Present prices in supermarkets are between EUR 9 and EUR 11/kg for imported farmed product in the 300-450 gram size category and between EUR 15 and EUR 20/kg for the local branded product in the 600-800 gram category. Wild domestic product, normally of larger sizes, usually retail at around EUR 30/kg.    

Despite falling consumer purchasing power in 2009, Italy’s import volumes bounced back from a weak 2008, setting new record levels at above 40 000 tonnes, most of which is imported from Greece with Turkey as a distant number two supplier.  There is, however, great concern about the reliability of trade statistics for bass and bream since vast additional quantities are imported in the non-specified category. Actual import figures and the real size of  Italy’s bass and bream consumption are therefore much higher than official import statistics show.

The outlook for 2010 is fairly positive. The economy has stabilized and although growth prospects look dim, consumption has proved quite resilient with Italian consumers continuing to give high priority to their food purchases.  Higher prices in 2010 will certainly not boost demand, but competing products such as farmed salmon are also facing drastically higher prices this year.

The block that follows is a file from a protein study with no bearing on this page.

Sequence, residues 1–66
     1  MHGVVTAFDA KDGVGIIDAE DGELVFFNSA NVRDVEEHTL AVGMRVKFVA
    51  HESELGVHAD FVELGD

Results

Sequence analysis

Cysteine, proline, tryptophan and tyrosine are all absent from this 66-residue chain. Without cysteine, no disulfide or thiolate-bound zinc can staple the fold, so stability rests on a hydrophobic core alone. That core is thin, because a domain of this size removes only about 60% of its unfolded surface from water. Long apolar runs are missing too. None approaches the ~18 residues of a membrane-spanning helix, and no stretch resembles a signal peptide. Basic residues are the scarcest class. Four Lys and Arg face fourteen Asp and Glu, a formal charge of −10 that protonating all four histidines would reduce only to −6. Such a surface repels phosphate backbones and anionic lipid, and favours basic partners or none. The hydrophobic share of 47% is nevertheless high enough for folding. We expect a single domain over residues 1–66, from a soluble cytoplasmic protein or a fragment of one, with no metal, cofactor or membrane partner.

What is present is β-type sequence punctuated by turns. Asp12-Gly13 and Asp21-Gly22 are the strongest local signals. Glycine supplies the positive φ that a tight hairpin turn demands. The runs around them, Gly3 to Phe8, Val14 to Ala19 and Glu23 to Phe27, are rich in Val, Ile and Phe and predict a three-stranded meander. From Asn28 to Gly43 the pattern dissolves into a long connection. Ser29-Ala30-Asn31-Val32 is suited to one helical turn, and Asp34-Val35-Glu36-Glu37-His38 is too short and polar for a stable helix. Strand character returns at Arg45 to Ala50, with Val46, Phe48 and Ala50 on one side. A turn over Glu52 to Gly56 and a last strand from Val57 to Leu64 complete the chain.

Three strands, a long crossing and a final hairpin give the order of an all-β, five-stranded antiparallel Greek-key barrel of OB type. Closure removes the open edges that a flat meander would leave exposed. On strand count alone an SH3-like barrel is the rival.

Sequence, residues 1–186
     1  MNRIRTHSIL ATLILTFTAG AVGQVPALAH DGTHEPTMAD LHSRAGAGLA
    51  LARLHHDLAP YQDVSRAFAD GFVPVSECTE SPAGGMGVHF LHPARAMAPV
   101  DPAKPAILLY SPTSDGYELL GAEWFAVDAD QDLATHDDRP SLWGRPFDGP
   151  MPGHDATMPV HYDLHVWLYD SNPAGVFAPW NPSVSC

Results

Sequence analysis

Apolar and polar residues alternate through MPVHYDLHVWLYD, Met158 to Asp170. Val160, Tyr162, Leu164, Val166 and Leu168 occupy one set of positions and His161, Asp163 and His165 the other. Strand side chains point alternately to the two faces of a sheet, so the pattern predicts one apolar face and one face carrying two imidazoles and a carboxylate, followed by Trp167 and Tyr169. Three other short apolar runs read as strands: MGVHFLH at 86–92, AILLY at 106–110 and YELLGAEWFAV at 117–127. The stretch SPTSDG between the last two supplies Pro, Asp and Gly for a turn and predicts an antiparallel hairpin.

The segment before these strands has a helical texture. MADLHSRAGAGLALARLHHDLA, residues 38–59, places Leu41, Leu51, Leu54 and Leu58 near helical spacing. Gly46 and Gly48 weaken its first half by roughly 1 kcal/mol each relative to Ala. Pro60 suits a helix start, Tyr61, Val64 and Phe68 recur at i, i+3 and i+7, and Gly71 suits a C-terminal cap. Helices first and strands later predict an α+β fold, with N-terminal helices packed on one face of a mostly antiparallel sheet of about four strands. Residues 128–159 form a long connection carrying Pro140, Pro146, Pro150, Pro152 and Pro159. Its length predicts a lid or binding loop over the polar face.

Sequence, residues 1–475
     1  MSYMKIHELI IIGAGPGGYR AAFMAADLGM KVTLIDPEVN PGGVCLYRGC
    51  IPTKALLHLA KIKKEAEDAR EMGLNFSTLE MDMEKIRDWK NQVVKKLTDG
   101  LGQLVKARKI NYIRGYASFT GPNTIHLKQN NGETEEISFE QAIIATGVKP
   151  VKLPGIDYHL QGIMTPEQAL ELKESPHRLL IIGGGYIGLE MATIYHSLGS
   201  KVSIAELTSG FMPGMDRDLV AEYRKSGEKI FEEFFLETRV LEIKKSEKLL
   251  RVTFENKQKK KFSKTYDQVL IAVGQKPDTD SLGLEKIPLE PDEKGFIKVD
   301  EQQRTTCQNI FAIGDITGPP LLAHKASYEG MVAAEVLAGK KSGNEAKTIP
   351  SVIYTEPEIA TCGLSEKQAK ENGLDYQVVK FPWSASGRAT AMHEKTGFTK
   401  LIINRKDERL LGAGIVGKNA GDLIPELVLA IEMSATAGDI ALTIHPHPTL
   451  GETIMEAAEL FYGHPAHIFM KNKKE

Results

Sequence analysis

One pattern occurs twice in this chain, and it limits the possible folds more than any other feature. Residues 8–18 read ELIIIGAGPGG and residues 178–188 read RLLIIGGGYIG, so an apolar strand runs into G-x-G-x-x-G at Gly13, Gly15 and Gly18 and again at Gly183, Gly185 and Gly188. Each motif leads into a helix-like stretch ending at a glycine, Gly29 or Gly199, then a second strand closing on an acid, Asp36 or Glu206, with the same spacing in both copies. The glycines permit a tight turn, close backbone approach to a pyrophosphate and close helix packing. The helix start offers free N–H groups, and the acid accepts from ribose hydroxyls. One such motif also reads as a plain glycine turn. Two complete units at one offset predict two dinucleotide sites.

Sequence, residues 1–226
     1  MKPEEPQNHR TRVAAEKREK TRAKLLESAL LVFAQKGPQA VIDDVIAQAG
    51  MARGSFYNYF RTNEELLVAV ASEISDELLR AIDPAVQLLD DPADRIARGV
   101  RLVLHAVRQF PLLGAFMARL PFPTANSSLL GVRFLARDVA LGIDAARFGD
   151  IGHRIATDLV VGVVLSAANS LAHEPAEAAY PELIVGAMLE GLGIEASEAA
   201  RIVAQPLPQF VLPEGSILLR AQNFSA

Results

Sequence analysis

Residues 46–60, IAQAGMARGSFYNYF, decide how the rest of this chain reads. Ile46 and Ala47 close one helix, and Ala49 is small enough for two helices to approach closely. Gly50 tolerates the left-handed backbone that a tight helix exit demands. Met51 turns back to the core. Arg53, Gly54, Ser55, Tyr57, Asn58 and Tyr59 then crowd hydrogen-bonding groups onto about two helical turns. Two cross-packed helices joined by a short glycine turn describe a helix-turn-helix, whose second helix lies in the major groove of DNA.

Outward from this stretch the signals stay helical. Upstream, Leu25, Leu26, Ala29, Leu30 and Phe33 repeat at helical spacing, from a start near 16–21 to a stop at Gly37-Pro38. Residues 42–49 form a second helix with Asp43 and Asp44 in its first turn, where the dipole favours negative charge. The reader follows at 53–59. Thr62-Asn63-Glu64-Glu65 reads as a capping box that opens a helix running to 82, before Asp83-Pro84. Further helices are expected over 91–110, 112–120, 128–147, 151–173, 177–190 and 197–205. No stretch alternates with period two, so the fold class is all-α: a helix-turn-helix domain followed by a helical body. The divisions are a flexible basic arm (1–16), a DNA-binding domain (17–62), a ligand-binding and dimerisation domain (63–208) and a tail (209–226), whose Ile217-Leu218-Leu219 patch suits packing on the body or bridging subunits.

The difficult state of the Spanish economy is influencing all consumer spending and subsequently also demand for bass and bream. Local producers are hurt the most as they rely heavily on the internal market.  2009 import volumes were down to 17 000 tonnes and the total import value dropped from EUR 76 million to EUR 71 million. The outlook in the short term is not rosy although the higher prices for bream should bring relief to producers.

France is one of the more resilient of the European economies, and thus French imports of bass and bream in 2009 were up from 2008. More surprisingly, volumes imported  were 35 % higher than in 2007, reaching almost 14 000 tonnes. Greece is the major supplier, with bream imported also from Spain.

A traditional market for local bass, the UK has proven a welcome market for farmed bass and bream from the Mediterranean. Despite the weak state of the local economy, imports reached 7 200 tonnes in 2009. Prospects for 2010 are not good with consumers still uncertain about jobs and the health of the local economy. 

The European seabass and seabream sector continues to depend predominantly on demand in traditional Mediterranean markets such as Italy, Spain, France and Portugal. Increased production and supply over the last decade has for the most part been absorbed through higher penetration and growing average consumption per capita in these markets. In addition, rising demand in producing countries such as Greece and Turkey, especially for bream, has also expanded markets. At the same time, the industry has tried to expand new markets as well, with Germany, Austria, Switzerland, the UK, and also Russia and the USA, becoming important export destinations. Overall the new markets have improved significantly the diversity and range of demand.